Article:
The Nation

"... Cubed is so stimulating, so filled with terrific material and shrewd observations, that it’s a must-read for anyone pondering how America arrived at its current state of white-collar under-employment and economic insecurity."
—The Daily Beast

"...[A] sharp and absorbing history of the office."
The Economist

"Saval's book... stands out as one of the best pop histories to come out in years, and on a topic that most of us (statistically speaking) can relate to."
Fast Company

"[An] absorbing history of office life...It sits cheerily between the academic and the journalistic register...Saval's style is nicely spiked with colloquialism... [His] debunking temper serves him well."
The Guardian

"... An entertaining read ... Saval's readings of pop culture representations of the office and its workers add a lively and ironic perspective."
Publishers Weekly

"Ferociously lucid and witty."
Kirkus Reviews

"A sprightly historical tour of the vexed, overplanned world of the modern workplace."
—In These Times

“Why did no one write this necessary book before now? Never mind: it wouldn’t have been as good. Cubed has that combination of inevitability and surprise that marks the best writing—and thinking.”
—Benjamin Kunkel, author of Indecision
“Required reading for anyone who works in an office, and for those fortunate enough to have escaped.”
—Ed Park, author of Personal Days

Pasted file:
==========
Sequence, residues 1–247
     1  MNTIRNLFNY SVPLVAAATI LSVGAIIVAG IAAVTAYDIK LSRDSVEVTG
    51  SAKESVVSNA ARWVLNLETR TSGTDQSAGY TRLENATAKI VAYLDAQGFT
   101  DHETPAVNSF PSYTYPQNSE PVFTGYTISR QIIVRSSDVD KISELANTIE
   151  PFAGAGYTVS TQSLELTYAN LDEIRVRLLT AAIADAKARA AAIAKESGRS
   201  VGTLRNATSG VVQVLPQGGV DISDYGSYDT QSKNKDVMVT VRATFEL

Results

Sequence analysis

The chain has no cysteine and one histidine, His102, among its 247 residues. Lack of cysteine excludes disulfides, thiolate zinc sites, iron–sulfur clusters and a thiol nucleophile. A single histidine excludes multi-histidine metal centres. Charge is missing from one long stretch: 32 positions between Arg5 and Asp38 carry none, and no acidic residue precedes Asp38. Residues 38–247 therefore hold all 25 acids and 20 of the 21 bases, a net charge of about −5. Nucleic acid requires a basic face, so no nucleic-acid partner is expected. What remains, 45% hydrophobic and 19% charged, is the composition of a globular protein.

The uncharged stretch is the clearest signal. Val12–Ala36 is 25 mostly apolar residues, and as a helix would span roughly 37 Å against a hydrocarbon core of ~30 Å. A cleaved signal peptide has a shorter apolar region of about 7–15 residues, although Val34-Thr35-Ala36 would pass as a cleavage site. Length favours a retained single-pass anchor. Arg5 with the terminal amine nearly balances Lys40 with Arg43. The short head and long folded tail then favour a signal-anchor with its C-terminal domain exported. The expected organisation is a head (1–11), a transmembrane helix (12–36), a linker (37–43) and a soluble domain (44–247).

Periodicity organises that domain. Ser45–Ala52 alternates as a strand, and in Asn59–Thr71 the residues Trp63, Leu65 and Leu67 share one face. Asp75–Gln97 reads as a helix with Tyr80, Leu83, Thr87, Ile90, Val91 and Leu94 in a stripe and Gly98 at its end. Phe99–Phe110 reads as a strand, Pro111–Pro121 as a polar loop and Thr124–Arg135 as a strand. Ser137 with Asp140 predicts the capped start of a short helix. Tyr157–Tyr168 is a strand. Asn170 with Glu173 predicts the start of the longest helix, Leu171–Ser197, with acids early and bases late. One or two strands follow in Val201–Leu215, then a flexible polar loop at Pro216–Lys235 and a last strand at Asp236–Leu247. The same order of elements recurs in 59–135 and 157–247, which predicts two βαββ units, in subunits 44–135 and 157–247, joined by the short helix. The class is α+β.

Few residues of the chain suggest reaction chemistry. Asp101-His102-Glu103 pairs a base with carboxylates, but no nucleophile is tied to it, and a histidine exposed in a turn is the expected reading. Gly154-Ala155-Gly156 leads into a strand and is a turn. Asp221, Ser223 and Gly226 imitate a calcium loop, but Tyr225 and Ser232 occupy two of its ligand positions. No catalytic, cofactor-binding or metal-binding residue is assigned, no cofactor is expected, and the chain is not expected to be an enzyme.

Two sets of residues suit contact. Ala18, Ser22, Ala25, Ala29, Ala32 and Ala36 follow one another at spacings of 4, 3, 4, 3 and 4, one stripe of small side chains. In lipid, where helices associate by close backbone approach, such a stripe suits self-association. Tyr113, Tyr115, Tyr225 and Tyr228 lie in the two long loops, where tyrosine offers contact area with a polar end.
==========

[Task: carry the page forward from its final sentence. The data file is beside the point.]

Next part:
"Nikil Saval is a superstar! He does for offices what Foucault did for prisons and hospitals, transforming a seemingly static, purely functional, self-evident institution into a rich human story, full of good and bad intentions, chance, and historical forces. Reading Cubed is like watching an amazing magic trick where the very boringness of the office turns out to be what is the most interesting. I found myself wishing he would do waiting rooms next."
—Elif Batuman, author of The Possessed

Library Journal
In 2011, more than 60 percent of employed Americans worked in "some form of a cubicle," states the opening of this book; 93 percent of them, the author goes on to say, disliked the environment in which they worked. Numbers like these, even though their source isn't noted, are startling. How and why did we get to a situation in which the majority of us work in places we don't like? Saval (editor, n+1 magazine) traces the history of the office from 19th-century counting houses (in an opening discussion of Herman Melville's short story "Bartleby the Scrivener") to mid-20th-century skyscraper workplaces ("an especially tall collection of boring offices"), with row after row of desks and the bosses working elsewhere, and on to designer Robert Propst's Action Offices and cubbies. While plenty is said about design styles, even more of the content is the author's social commentary. In Saval's view, management is less concerned with making the office a creative place than with duping employees into thinking that their situation is better than it actually is. VERDICT The prose is lively and sharp. This isn't a scholar's book, but Saval is an acute observer whose tart observations may attract an unexpectedly wide audience.—David Keymer, Modesto, CA
Kirkus Reviews